Though it’s hardly breaking news these days, yet another prominent man has been pushed out of his high-level position for the serial abuse of power and sexually harassing, assaulting, and exploiting several women who reported to him.
Yes, it does seem like the same old story we’ve been hearing since #MeToo began galvanizing a movement early last year. But this one, uncovered by the New York Times, is different. Because this one is Andy Rubin, the “Father of Android” and he worked at Google, a company that touches almost every man, woman, and child on earth, and where “don’t be evil” is the ingrained credo.
Google feted his departure, with Larry Page himself publicly wishing Andy “all the best with what’s next” and, according to the Time’s stellar reporting, backed that good will up with $2.5 million cash in Rubin’s bank account every month for years to come.
Why didn’t they just fire him with nothing, you ask? It’s a reasonable question, and Google has at least three valid reasons for why it’s more important to pay nearly a hundred million dollars to the abuser rather than, say, publicly disavow his crimes, press charges, or equally compensate the women he was credibly accused of abusing.
1. He’s a genius.
Google is known for hiring the most skilled, mostly male, technology talent in the world. Andy Rubin is both. He’s the guy who developed Android—a platform that made it easier to put Google in the hands of the masses. Page called his creation of Android “truly remarkable” and he’s been hailed as a genius in Silicon Valley. As Hannah Gatsby famously asserts, once it’s decided a guy is a genius, his reputation is more important that his actions—even if some of those actions include storing bondage porn on his work computer and forcing a woman who worked with him to perform oral sex in a hotel room. Rubin’s no Picasso, but still, Google found it easy enough to separate the man from the art. After all, geniuses must be protected, and must be revered.
So why doesn’t Goggle hire some equally genius women software developers? Like most big tech companies like to espouse, there just aren’t enough talented women in the pipeline. Girls outperform boys in school, and more women graduate college now than men, but female genius seems to vanish when women join the workforce. According to a Google search, only about 30% of Google employees are women—a stat that hasn’t changed in many years.
2. He’s worth it.
Rubin made his first $50 million when Google acquired his software company. Once he joined Google, they gave him a $40 million bonus and $72 million in stock, on top of his reported $20 million a year in salary. Even in the midst of the harassment investigation, the Google board continued to demonstrate his exorbitant value to the company when it awarded him another $150 million stock grant. And to sweeten his departure, on top of his incredibly generous exit package, Google kicked more millions to help fund his startup. The women he’s accused of abusing weren’t being paid anything close to equal what he was, which indicates their relative worth to Google, if not to Rubin himself.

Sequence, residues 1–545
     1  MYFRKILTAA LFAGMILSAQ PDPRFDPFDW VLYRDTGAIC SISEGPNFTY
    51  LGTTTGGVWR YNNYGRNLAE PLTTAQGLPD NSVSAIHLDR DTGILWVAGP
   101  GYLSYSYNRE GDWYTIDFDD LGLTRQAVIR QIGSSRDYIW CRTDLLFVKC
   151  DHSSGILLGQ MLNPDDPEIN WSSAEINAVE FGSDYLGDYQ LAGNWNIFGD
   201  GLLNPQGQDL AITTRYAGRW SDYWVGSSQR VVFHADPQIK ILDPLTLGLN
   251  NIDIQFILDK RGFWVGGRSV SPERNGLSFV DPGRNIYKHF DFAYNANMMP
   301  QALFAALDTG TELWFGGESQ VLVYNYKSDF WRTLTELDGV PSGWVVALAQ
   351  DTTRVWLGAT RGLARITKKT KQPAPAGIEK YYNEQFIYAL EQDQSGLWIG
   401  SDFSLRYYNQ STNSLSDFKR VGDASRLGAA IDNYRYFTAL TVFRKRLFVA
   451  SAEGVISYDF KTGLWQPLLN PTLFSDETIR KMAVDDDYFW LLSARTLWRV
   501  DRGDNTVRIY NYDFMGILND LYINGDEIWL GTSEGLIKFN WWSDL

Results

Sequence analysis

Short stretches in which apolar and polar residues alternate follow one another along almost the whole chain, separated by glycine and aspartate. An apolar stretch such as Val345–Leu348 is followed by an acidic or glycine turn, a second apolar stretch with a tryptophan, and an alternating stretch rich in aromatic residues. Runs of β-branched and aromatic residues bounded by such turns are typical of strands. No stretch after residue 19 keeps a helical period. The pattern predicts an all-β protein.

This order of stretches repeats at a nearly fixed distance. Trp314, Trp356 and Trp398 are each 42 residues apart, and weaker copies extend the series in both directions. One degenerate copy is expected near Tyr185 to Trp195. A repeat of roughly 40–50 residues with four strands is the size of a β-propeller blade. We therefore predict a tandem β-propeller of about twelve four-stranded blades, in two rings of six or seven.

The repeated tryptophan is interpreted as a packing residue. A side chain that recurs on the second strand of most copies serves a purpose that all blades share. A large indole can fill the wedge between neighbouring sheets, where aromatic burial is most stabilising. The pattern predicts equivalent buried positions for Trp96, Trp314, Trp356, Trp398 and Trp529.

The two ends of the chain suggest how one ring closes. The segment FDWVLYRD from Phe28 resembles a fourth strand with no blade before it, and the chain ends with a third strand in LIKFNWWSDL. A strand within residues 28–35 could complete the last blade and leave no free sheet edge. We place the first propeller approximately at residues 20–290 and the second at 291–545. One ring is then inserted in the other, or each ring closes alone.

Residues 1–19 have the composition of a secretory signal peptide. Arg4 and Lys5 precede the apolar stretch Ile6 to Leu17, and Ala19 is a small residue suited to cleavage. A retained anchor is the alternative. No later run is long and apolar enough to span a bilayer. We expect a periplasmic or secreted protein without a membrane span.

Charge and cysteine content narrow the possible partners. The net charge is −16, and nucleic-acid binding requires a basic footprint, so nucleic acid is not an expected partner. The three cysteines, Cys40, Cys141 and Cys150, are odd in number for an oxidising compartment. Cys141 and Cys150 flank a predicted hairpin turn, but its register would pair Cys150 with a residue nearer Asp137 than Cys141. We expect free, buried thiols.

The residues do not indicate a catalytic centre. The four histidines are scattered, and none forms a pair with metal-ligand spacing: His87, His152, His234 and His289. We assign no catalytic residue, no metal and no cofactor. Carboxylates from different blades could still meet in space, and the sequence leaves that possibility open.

Though he wasn’t known for valuing the feelings or morale of his team, Rubin does know the value of women. In her divorce suit, Rubin’s ex-wife supported her case with a screenshot of an email to a woman, “Being owned is kinda like you are my property, and I can loan you to other people.” One has to wonder if that’s the general attitude of other men at Google, who seem to look at the women there as mostly romantic interests.
3.Google leads by example.
Google is the third most valuable company in the world, employees more than 80,000 people and interacts with several billion users every day. Like most tech companies, its leadership makeup reflects its employees, not its customers. The company is 70% male. The board and top executives are overwhelmingly male, too, many of whom have been involved in questionable behavior with women—reportedly, extramarital affairs with underlings are common among leadership. There have been countless accounts that the two founders, the former CEO, and even the chief counsel have been romantically involved with women employees—most while married. How can any of these men in leadership condemn one of their own with a straight face? Of course, Google would keep silent about the accusations. Women are liabilities in these cases, and are treated that way.
Google: The world’s most innovative company?
The fact is, until women are hired, groomed, and promoted at Google in equal numbers to men, given equal seats on the board, equal job titles and duties, and paid equal pay for equal work, Google will not fulfill its promise to be one of the most innovative companies in the world.
If the leadership obfuscates facts, Google is not fulfilling its mission of democratizing information.
And if leadership condones harassment, assault and exploitation of women, then clearly, they are failing at their commitment to do no evil.
Google, the same old patriarchal ideas and behaviors will not change the world. Isn’t that what you set out to do?